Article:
Clearly, it’s the smartphone that is the digitally connective tissue that links cars with media entertainment and information. Since Apple opened its App Store eight years ago, changing the face of our communications, the mobile phone and the dashboard have become key conduits. And audio providers have been able to participate in this new journey, enabled by the ability to create mobile apps for stations, networks, and entire broadcasting companies. We’ve enjoyed taking part in this next step in the dashboard story via our mobile app company, jācapps, which launched 100 days after Apple opened its iOS platform to outside creators.
And then there’s the autonomous movement, progressing faster than anyone – including the automakers – might have imagined. BI Intelligence estimates 10 million cars with self-driving capabilities on the road by 2020, raising the question about what “drivers” of these vehicles will be doing to entertain and inform themselves while paying less attention to the road ahead.
There is a feeding frenzy in the space. Google announced their investment in a 52,000 square foot self-driving development center in Novi. We have the MCity test facility in Ann Arbor. And just this week, BMW announced their intent to have fully autonomous vehicles on the road in 2021.
In a sign that everyone wants a piece of the action, Rolls Royce has released plans for its Vision Next 100 concept, custom built automobiles that will have autonomous capabilities, all powered by electricity. The voice command system will feature “Eleanor,” named after Eleanor Thornton, the model for the 1911 Spirit of Ecstacy figurine that sits atop all Rolls Royce vehicles. Step aside, Siri.
Things are moving fast, and developers need to keep up, because even the automakers struggle to predict what the “center stack” of the autonomous future will look like and what it will provide. Will dashboards in self-driving cars essentially just become extensions of smartphone content and apps? Will these vehicles be equipped with standard radios like cars have offered as standard equipment for decades? And will passengers in autonomous vehicles be able to consume videos and other visual material as the technology ensures a safe and accident-free ride?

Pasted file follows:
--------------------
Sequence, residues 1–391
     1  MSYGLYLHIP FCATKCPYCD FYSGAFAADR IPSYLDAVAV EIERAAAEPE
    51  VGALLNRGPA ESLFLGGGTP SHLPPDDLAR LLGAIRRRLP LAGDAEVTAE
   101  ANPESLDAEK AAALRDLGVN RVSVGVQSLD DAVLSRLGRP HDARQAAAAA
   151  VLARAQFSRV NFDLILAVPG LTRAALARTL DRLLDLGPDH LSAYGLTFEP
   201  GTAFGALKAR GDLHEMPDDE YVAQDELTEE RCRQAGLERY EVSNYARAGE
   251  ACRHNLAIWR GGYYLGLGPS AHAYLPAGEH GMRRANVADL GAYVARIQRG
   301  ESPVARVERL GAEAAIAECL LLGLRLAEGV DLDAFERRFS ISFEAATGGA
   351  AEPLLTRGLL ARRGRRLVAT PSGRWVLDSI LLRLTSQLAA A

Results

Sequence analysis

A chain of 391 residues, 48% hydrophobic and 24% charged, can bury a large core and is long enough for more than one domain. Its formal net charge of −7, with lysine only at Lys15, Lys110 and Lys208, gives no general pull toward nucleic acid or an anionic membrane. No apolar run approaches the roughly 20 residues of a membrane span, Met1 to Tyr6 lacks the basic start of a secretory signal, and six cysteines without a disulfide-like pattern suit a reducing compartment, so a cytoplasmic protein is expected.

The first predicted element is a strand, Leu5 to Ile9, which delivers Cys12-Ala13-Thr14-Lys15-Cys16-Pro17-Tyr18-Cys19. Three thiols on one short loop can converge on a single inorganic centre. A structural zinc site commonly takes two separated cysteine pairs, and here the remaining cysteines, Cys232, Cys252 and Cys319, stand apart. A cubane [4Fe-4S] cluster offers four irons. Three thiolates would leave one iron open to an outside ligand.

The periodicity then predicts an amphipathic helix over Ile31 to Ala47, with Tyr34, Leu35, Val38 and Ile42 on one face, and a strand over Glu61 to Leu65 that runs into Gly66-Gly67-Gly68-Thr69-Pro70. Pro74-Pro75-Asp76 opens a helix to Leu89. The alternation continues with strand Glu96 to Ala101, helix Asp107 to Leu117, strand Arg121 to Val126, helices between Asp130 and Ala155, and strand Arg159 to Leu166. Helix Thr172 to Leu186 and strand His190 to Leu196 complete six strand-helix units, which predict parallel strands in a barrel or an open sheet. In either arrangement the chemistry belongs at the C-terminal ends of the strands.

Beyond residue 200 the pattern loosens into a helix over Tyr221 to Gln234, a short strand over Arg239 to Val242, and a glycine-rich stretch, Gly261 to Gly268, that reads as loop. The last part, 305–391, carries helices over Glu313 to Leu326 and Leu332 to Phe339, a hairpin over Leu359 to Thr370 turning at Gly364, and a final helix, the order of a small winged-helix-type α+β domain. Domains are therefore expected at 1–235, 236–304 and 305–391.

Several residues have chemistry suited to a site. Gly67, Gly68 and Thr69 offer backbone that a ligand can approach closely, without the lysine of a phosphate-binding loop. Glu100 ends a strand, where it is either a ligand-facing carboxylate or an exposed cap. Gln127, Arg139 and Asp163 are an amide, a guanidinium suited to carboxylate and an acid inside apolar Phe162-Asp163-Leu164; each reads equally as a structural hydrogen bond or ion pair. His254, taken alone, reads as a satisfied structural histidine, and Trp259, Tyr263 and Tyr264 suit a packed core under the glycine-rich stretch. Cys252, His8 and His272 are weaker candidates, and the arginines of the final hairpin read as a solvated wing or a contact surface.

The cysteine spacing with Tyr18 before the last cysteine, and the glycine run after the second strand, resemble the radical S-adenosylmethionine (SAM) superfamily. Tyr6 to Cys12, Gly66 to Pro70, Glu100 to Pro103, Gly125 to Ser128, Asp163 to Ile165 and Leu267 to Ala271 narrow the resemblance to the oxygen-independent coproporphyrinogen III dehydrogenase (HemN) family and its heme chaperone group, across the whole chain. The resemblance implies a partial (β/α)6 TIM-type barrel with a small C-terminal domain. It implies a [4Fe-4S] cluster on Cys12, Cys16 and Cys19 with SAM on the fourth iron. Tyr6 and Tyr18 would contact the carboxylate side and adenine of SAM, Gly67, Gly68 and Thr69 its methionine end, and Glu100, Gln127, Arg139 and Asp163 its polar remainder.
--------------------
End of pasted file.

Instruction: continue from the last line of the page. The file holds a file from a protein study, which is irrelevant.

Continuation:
Then there’s the dashboard invaders, led by a couple of small tech companies you may have heard about: Apple and Google. In much the same way the radio industry hops on the hot format bandwagon, the auto industry is no different. Just a couple short years ago, most auto manufacturers were very skeptical of the Apple CarPlay and Android Auto ecosystems. And they were reluctant to even consider them in their proprietary dashboard arrays.
Today, most of these same car makers acknowledge that consumers are much more likely to be loyal to the smartphones in their pockets and their purses, than the cars and trucks in their driveways. Thus, both Apple CarPlay and Android Auto are making their way into new cars today, raising more concerns about the way that radio stations and other audio providers maintain visibility in the dashboard. And you’ll be seeing these dashboard ecosystems in advertisements for auto makers, as Audi, Chevrolet, and others are already featuring CarPlay front and center in their TV spots.
If that doesn’t signal a revolution in the auto industry, nothing will. And that’s why we’re continuing to work hard to keep up with and even ahead of these changes.
The next several years promise to be a wild ride for the automotive industry – and of course, for all of us content providers and software developers. This isn’t a time to slow down and ponder. It’s a time to lean forward, experiment, take risks, fix, fail, and succeed. Standing by the side of the road will ensure that you’ll be passed by.
Even in autonomous cars, it’s smart to fasten that seat belt.
Postscript: We have gotten many questions about dates for DASH this year. After assessing our conference over the past few years, we’ve decided to take a breather for 2016. As today’s post underscores, the auto industry is moving at breakneck speed, necessitating a “growth year” for this conference to ensure its relevance in the future. DASH will be back, perhaps in a different form, rebooted and evolved. You’ll be the first to know about what’s next for the conference. We truly thank past attendees, as well as those of you who wish to attend DASH for the first time.